Notwithstanding the aforesaid, it will remain an obligation of the manufacturer or retailer of tobacco products to warn the public of the damage caused by using cigarettes.

(point - better control of sale restriction to those over the age of 16 years avoiding glamorising a product that kills one in three of its users.)

No.R. 1452 relates to the provision of exemptions for advertising with unintended consequences or the phasing out of existing sponsorship or contractual obligations.
(p.4/3(1&2) in the Amendment - which refers to the phasing out of "Advertising, sponsorships, promotion and required information in respect of packages of tobacco products - substitutes section 3 in the principle Act.)

1. This schedule proposes that all existing contractual obligations, sponsorships or promotion of any organised activity by a tobacco manufacturer, importer, retailer or distributor shall continue for not more than 2 years from the 14 April 1999 and be subject to the following conditions in the interim period:

· Prescribed health messages take up 30% of any print or outdoor communication about an organised activity for which consideration is derived from a tobacco manufacturer, importer, distributor or retailer.
· For every three electronic communications about such an organised activity, there shall be one communication of equal length and prominence providing health messages - rotated on a quarterly basis.
· Any communication in the aforesaid shall consist of written words-black and white - no pictorial content.

3. Copies of such contracts or if in oral a sworn statement signed by the parties and further specifying the duration of such a contract/agreement shall within one month of the proclamation of the Amending Act be lodged with the office of the DG - health.

4. Exemption is provided for advertising on the grounds that the principle purpose of imported publications or electronic transmissions is not to promote of the use of tobacco or tobacco products or is targeted primarily at South Africans.
To allow for monitoring the report of such published material, the DG-health shall be supplied with a list of such publications or electronic transmissions.

No.R 1453 relating to smoking of tobacco products in public places. Amendment of section 2 in the principal Act.
· This section declares where smoking in public places is permissible and the conditions subject to which smoking may take place.
· Smoking is permissible in retail tobacco stores that deal exclusively in the sale of tobacco.

· Smoking in restaurants, sports bars, bars, pubs, shebeens, taverns, nightclubs and casinos are permitted subject to the following conditions:
(a)(i) that smoke in the designated room is not recirculated to the rest of the building but ventilated to the outside through a separate ventilation system.
(ii) the designated smoking area/room is separated from the rest of the public place by a solid partition and displays the sign "smoking room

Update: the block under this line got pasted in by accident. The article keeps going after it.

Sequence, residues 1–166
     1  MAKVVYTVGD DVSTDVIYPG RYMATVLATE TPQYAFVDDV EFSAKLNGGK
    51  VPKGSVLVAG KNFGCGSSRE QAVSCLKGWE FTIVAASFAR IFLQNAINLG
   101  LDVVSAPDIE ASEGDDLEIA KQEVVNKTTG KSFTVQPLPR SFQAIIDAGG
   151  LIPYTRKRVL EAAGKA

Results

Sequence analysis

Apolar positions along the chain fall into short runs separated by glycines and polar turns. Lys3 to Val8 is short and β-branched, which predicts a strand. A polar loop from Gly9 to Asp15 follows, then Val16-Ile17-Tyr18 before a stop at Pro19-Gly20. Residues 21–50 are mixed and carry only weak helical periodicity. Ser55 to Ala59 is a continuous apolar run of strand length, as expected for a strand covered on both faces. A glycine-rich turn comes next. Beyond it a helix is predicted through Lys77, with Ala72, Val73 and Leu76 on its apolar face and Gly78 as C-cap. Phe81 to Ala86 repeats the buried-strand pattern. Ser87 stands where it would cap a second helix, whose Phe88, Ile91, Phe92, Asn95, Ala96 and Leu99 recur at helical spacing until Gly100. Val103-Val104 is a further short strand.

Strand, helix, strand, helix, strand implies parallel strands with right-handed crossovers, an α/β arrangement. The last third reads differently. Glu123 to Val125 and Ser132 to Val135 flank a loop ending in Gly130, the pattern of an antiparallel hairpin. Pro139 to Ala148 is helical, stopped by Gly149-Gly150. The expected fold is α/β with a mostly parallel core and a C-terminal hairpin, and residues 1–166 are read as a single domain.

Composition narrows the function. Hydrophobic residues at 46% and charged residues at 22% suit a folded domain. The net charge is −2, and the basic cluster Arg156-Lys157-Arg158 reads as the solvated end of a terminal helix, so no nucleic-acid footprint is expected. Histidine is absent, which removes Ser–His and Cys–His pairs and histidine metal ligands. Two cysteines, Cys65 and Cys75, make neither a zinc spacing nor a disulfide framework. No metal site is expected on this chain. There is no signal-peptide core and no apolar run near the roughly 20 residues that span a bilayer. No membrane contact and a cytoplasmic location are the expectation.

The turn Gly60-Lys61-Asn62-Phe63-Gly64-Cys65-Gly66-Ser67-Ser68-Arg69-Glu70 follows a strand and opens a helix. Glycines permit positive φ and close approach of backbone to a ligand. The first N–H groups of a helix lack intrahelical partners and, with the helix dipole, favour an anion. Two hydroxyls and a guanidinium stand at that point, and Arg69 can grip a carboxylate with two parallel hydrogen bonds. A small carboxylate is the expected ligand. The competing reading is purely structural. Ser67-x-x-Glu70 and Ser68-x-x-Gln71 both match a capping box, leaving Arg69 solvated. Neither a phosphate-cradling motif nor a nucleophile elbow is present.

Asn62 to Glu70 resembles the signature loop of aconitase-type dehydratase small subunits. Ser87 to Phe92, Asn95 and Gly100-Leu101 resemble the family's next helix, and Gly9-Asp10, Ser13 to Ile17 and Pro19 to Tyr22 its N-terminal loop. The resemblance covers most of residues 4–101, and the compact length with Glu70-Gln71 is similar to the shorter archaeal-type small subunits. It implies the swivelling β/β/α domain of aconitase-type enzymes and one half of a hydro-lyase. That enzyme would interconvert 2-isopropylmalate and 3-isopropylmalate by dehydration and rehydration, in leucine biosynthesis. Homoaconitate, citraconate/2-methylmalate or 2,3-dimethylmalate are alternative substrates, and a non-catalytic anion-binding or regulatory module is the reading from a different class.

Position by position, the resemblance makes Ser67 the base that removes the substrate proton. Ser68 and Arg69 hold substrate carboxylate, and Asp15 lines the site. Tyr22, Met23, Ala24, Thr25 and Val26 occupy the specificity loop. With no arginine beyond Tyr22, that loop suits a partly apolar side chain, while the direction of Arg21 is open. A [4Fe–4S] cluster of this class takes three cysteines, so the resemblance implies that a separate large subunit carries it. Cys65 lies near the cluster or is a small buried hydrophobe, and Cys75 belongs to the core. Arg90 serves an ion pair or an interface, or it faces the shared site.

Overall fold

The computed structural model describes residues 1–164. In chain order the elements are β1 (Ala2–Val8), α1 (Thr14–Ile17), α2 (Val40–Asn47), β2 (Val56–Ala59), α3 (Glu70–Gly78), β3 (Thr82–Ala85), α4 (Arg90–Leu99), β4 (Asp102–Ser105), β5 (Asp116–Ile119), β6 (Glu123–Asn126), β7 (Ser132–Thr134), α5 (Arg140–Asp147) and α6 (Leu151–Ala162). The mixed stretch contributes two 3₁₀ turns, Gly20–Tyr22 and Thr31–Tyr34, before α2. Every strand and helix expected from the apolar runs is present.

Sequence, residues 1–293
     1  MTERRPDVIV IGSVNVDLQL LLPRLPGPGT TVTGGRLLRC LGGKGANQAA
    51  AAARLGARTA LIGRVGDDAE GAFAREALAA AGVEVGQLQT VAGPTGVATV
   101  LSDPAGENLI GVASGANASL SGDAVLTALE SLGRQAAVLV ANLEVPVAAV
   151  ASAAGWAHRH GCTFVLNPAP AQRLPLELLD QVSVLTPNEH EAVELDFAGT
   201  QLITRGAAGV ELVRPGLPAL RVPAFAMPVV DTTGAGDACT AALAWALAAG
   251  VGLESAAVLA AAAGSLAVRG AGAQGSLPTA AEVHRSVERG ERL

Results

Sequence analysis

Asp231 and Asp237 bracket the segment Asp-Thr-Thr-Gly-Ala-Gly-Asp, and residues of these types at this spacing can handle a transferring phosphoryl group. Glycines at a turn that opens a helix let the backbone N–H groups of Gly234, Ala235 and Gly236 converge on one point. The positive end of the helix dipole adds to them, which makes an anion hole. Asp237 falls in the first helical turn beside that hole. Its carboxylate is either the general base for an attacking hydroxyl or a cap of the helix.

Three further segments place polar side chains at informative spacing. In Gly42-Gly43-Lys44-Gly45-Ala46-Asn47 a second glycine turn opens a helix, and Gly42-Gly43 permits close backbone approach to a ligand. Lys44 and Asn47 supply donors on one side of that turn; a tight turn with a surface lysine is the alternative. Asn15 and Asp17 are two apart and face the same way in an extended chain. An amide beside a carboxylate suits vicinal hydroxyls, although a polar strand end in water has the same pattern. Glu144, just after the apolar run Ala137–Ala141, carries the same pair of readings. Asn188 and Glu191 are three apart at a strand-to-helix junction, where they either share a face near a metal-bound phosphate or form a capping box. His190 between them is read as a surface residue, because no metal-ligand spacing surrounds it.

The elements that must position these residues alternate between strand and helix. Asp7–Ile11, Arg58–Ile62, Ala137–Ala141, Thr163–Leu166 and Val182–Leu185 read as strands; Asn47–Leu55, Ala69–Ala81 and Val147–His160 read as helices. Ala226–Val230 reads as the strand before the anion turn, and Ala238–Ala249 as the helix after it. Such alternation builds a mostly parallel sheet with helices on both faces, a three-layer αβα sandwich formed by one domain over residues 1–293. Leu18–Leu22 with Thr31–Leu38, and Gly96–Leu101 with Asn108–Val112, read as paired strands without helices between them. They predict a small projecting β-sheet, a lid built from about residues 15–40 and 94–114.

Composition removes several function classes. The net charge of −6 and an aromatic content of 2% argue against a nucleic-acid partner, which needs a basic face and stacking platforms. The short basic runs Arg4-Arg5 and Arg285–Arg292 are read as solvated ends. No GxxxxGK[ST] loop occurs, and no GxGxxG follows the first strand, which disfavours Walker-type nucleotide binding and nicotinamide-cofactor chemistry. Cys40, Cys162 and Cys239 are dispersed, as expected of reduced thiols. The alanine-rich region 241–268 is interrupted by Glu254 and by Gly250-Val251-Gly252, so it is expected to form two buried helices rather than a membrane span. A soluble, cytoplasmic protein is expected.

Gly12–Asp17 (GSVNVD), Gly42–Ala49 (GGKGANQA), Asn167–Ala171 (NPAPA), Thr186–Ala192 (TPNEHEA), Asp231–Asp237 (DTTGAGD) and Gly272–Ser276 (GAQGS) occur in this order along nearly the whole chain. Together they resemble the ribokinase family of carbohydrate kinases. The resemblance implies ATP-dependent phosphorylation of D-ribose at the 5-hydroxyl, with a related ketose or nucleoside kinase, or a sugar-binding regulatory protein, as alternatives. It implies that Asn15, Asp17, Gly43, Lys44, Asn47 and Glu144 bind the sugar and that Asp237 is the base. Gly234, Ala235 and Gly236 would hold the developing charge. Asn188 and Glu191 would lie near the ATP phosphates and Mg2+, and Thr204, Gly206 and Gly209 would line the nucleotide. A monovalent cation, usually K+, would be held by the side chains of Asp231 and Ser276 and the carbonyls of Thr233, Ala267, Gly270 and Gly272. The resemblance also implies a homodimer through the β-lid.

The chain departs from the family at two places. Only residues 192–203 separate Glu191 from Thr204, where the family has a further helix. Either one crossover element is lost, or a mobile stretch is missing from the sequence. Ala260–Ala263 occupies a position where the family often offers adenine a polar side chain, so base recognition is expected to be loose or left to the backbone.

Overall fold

· restaurants with more than 35 seats may designate a maximum of
25% of the seating as a designated smoking area
· The designated smoking area of hotels, guesthouses, bed and breakfast places, game lodges and other places of accommodation must
not exceed 25% of the total floor area.
· Passenger ships registered in South Africa may allocate 10% of the total cabin space of as designated smoking areas on condition that cigarette smoke is ventilated to the outside.
· Passenger trains may allocate entire carriages or compartments as designated smoking areas provided that such areas do not exceed 10% of the total number of carriages.
· An employer, owner, lessee or person in control of a public place or workplace shall be responsible for enforcing these restrictions on smoking.

All employers shall have a written policy on smoking in the workplace and give effect to this policy within 3 months of the commencement of the Act.

Appendix 3:
National Drug Policy
· Aim:
To ensure that drugs reaching patients are safe effective and meet approved standards and specifications

· Key Policy Issues:
The Strengthening of MCC
Rationalization of Drug Registration
Licensing of premises
Enhancement of inspections
Promotion of quality assurance

· Review of MCC
Recognition of Complementary medicines
Sources of funding (Revenue Retention)
Multi-disciplinary team
Spread of regulatory knowledge
Harmonization of Regulatory activities
Mutual recognition of registration decisions
Accumulation of Backlog
Conflict of interest
Revision of Legislation

· Transformation of MCC
Establishment of the Board (SAMMDRA)
Expert and standing committees (multi-disciplinary)
Strengthening of Clinical trials and Adverse event monitoring
Transformation of MCC
In-house technical capacity
Strengthening of appeal process
Additional source of revenue identified
SAMMDRA Legislation recommended
Process for registration of Complementary medicines and Medical devices

· Goal and Objective
To safeguard public health by controlling medicines
To have an efficient and effective system of medicine regulation
To harmonize regulatory activities within SADC region, Afro and beyond the continent
To build in-house technical capacity
To strengthen pharmaco-vigilance and post-registration activities
To have an effective system of clinical trials regulation
To establish a system for the licensing of premises
To establish a frame-work for the registration and control of Complementary medicines